The differently abled are not disabled only because they are physically or mentally impaired but also because society is built in a manner that does not cater to their needs.In contrast to the struggles over Dalit, adivasi or women's rights the rights of the disabled have been recognized only very recently. Yet in all historical periods, in all societies there have been people who are disabled.
In India labels such as disability, handicap, crippled, blind and deaf are used synonymously. Often these terms are hurled at people as insults. In culture that looks up to bodily perfection all deviations from the perfect body signify abnormality, defect and distortion. Labels such as bechara accentuate the victim status for the disabled person. The roots of such attitudes lie in the cultural conception that views an impaired body as a result of fate. Destiny is seen as the culprit and disabled people are the victims. The common perception views disability as retribution for past karma from which there can be no reprieve. The dominant cultural construction in India therefore looks at disability as essentially a characteristic of the individual. The popular images in mythology portray the disabled in an extremely negative fashion.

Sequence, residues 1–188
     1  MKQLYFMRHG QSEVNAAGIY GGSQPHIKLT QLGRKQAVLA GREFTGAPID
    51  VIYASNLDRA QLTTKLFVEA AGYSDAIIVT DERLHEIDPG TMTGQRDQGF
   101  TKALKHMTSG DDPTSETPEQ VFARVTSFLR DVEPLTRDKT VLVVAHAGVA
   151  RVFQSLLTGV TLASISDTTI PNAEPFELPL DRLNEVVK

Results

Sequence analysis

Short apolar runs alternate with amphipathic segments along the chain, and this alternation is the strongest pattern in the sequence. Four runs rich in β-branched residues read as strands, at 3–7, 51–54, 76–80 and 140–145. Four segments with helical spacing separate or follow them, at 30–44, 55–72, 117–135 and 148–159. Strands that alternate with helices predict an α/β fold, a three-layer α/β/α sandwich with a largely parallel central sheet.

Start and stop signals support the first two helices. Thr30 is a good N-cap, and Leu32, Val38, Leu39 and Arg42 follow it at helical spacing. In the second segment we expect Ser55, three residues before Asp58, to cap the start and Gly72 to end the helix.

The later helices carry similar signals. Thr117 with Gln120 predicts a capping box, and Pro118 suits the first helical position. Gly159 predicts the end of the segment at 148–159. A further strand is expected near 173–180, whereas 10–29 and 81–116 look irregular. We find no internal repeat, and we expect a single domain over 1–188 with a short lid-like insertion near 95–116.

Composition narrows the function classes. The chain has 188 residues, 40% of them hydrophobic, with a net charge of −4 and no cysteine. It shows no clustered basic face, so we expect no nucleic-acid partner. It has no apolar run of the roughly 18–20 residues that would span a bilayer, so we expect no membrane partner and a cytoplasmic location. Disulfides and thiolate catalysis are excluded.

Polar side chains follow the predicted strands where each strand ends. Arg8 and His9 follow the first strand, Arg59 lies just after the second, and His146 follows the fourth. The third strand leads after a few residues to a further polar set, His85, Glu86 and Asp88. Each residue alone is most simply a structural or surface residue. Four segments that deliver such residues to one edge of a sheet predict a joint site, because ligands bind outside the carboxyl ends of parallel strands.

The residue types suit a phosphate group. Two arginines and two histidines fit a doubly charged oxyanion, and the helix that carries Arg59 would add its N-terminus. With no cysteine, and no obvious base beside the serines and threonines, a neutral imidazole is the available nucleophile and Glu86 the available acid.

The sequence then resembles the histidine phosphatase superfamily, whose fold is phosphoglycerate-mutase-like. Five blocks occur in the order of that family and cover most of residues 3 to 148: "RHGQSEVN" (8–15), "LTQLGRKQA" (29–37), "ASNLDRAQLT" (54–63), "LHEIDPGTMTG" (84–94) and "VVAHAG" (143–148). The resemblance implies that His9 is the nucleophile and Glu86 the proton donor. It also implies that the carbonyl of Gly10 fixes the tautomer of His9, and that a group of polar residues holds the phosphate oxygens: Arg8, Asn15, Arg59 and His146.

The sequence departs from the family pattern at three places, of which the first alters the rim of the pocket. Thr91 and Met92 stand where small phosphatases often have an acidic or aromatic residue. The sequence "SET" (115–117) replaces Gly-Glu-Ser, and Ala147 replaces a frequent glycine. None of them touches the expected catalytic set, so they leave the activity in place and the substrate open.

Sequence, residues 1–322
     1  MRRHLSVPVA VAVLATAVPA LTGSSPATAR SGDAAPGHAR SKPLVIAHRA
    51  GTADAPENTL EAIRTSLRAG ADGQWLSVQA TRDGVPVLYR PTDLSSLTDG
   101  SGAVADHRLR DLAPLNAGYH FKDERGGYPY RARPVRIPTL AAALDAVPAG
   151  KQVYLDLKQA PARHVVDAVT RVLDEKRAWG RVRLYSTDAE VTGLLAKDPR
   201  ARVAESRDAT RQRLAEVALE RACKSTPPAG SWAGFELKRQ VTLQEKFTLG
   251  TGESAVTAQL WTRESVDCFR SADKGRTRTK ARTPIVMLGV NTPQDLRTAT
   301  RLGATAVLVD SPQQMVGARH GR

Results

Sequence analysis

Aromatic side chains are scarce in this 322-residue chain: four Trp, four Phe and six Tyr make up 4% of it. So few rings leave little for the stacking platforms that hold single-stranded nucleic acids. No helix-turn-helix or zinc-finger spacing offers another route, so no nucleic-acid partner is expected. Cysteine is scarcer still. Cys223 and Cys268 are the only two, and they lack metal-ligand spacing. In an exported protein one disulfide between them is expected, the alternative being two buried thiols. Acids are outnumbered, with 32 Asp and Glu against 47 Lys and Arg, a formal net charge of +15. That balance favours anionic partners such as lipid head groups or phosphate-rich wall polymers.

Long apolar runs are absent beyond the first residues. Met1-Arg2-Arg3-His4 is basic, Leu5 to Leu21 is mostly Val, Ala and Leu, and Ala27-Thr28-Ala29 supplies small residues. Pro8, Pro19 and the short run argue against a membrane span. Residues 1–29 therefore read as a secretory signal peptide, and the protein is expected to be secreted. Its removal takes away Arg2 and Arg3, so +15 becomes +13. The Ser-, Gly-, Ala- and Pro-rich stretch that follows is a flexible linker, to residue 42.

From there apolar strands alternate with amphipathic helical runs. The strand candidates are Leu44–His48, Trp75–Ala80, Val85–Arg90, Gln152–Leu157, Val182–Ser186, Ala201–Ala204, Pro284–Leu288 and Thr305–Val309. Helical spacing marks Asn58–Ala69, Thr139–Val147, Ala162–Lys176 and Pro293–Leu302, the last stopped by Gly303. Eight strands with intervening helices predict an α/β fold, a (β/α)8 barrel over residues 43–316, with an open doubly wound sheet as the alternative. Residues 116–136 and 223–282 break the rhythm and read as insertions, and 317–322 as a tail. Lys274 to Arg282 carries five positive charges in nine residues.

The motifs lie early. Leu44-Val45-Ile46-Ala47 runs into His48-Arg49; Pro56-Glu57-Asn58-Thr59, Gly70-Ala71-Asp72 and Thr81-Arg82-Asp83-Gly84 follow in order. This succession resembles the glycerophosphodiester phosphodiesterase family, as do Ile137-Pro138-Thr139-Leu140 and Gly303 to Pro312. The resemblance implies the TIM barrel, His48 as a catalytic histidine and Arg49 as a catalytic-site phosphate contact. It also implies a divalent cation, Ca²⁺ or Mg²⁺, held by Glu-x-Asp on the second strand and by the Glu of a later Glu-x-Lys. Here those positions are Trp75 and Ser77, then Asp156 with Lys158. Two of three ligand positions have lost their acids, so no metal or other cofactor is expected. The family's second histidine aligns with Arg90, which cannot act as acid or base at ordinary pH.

The term disabled challenges each of these assumptions. Terms such as mentally challenged, visually impaired and physically impaired came to replace the more negative terms such as retarded, crippled or lame. The disabled are rendered disabled not because they are biologically disabled but because society renders them so. The social construction of disability has yet another dimension. There is a close relationship between disability and poverty.Malnutrition, mothers weakened by frequent childbirth, inadequate immunization programmes, and accidents in overcrowded homes all contribute to an incidence of disability among poor people that is higher than among people living in easier circumstances. Furthermore disability creates and exacerbates poverty by increasing isolation and economic strain not just for the individual but for the family there is little doubt that disabled people are among the poorest in poor countries. It is only recently with the efforts of the disabled themselves that some awareness is building in society on the need to rethink disability. Recognition of disability is absent from the wider educational discourse. This is evident from the historical practices within the educational system that continue to marginalize the issue of disability by maintaining two separate streams- one for disabled students and one for everyone else.